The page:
Celebrating 50 Years of Arte Povera
It was November 1967, two months after his exhibition “Arte Povera e IM Spazio” at Genoa’s Galleria La Bertesca, that the Italian critic Germano Celant published a manifesto on Flash Art magazine that would theorize and launch the Arte Poveramovement.
Literally translated as ‘poor art’, the title refers to a group of Italian anti-establishment artists who, during the period of turmoil at the end of the 1960s in Italy, attacked the established ideals and the superficial consumer culture with unconventional materials and style.
The term “poor” was not an indication of cheap, rather a reference to the artists’ use of humble, unconventional often ephemeral materials -wood, dirt, rags, steel, sacks, vegetables- alluding as well to the Polish director Jerzy Grotowski’s concept of “poor theater,” which stripped away lavish costumes and detailed sets and encouraged the actor’s relationship with the audience.
The poveristi favored an art form that was more conceptual and got rid of unnecessary layers, as a rejection of traditional 'high' art. “Arte Povera was concerned with taking away, eliminating, and downgrading things to a minimum,” said Mr. Celant.
Among the core figures associated with the movement are Giovanni Anselmo, Alighiero Boetti, Jannis Kounellis, Michelangelo Pistoletto, Giuseppe Penone, Alberto Burri, Lucio Fontana, Emilio Prini, Pino Pascali, Enrico Castellani, Piero Manzoni, Luciano Fabro, Pier-Paolo Calzolari, Mario Merz, and his wife Marisa Merz, the only female member of Arte Povera.
The Resurgence: From New York to Europe
After the Arte Povera exhibition at MoMA PS1 in 1985, they fell under the radar, until in recent years they regained international acclaim. In fact, in 2015, Alberto Burri was the protagonist of a major retrospective at New York's Guggenheim (the last one he had there was in 1978) along with several gallery shows in major cities. This initiated a substantial revival of the movement.
A little over a year later, the Met Breuer presented the first major retrospective in the United States of Marisa Mertz, followed by the opening of Magazzino Italian Art, a new exhibition space for Italian postwar art in Cold Spring. Their first exhibition was dedicated to the influence and legacy of Margherita Stein, an Italian dealer who dedicated her career to supporting artists from the Arte Povera.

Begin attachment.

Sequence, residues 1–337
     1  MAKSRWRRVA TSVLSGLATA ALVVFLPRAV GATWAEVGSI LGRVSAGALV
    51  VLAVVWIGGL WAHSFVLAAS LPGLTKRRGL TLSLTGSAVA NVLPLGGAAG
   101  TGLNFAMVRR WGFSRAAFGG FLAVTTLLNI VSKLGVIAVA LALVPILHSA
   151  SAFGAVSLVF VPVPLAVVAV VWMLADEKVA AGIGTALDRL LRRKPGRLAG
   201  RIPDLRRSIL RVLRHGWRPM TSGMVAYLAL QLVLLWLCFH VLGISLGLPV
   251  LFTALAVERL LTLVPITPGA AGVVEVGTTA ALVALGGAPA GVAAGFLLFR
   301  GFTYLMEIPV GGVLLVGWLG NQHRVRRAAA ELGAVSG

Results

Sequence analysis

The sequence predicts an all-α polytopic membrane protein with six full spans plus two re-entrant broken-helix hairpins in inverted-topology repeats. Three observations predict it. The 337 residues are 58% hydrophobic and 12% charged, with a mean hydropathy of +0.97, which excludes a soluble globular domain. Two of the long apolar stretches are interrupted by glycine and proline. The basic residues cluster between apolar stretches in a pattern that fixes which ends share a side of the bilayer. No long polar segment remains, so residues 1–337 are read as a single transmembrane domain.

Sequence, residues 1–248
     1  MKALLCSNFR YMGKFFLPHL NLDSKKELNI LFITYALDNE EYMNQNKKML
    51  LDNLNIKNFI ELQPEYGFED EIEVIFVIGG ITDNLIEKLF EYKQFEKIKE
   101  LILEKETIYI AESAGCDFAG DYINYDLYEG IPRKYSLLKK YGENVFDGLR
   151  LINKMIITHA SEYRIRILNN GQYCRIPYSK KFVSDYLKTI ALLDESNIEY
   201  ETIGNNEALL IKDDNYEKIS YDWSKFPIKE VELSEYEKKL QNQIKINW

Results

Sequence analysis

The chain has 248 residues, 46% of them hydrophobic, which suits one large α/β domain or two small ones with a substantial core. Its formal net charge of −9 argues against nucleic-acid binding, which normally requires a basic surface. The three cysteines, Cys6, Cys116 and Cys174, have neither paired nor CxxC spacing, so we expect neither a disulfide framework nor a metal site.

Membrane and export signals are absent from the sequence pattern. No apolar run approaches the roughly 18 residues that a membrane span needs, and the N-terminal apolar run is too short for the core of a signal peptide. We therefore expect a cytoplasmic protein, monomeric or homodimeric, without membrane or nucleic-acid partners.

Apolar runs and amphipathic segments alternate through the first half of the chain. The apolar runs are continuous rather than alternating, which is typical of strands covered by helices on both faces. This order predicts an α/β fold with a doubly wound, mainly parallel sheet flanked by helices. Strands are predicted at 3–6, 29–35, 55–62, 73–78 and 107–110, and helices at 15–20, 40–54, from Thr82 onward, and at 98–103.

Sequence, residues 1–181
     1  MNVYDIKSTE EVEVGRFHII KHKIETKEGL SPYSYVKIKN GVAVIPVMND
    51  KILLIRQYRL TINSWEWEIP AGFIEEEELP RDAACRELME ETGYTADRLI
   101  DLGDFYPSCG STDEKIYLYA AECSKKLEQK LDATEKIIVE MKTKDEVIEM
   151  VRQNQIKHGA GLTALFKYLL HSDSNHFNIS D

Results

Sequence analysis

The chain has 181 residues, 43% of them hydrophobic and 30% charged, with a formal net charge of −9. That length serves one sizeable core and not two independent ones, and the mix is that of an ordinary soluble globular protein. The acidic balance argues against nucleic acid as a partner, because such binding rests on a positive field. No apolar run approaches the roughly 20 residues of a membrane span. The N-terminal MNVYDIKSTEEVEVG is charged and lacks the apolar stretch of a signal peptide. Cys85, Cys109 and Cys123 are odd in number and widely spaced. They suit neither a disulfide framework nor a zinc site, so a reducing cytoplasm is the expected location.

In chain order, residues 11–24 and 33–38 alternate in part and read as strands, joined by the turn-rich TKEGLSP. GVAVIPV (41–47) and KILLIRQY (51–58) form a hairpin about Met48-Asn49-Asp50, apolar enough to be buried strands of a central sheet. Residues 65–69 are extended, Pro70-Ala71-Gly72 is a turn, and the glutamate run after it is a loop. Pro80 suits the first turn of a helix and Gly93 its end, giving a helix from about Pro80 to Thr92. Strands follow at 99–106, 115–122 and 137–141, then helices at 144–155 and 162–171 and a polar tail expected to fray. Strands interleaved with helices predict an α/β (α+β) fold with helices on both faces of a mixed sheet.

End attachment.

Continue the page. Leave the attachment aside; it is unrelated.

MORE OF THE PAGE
Exactly fifty years from its inception, Arte Povera seems to have reached its zenith, both in Italy and abroad. The 2017 Turin's Artissima Art Fair featured two special projects that paid tribute to Arte Povera, “the Piper Club” and the “Deposito d’Arte Presente.” Castello Rivoli of Turin unveiled a major retrospective devoted to the work of Gilberto Zorio and the MAXXI museum of 21st Century Arts in Rome presented an exhibition on Piero Gilardi, artist associated with the early Arte Povera movement. Additionally, for the occasion, the Estorick Collection in London had an exhibition on the Italian movement while exploring it’s influence on the contemporary world.
Simultaneously, on the opposite side of the Atlantic, the celebration of the midcentury movement continues. Luxembourg & Dayan, Hauser & Wirth, Luhring Augustine Gallery and Lévy Gorvy Gallery New York amongst others presented exhibitions that commemorated the semi-centennial of the Arte Povera movement. Along with the several exhibitions, Magazzino Italian Art hosted one of the leading member of the Arte Povera movement, Michelangelo Pistoletto for a re-enactment of his 1967 performance "Scultura da Passeggio" (Walking Sculpture) captivating all who came into contact with it.
It’s hard to differentiate whether recent attention to Arte Povera comes from the movement’s 50th anniversary, the sociopolitical conditions or the rising prices within the art market. No matter the reason, after decades of insubstantial support the poveristi are finally getting the recognition they deserve, as their work never ceased to be relevant.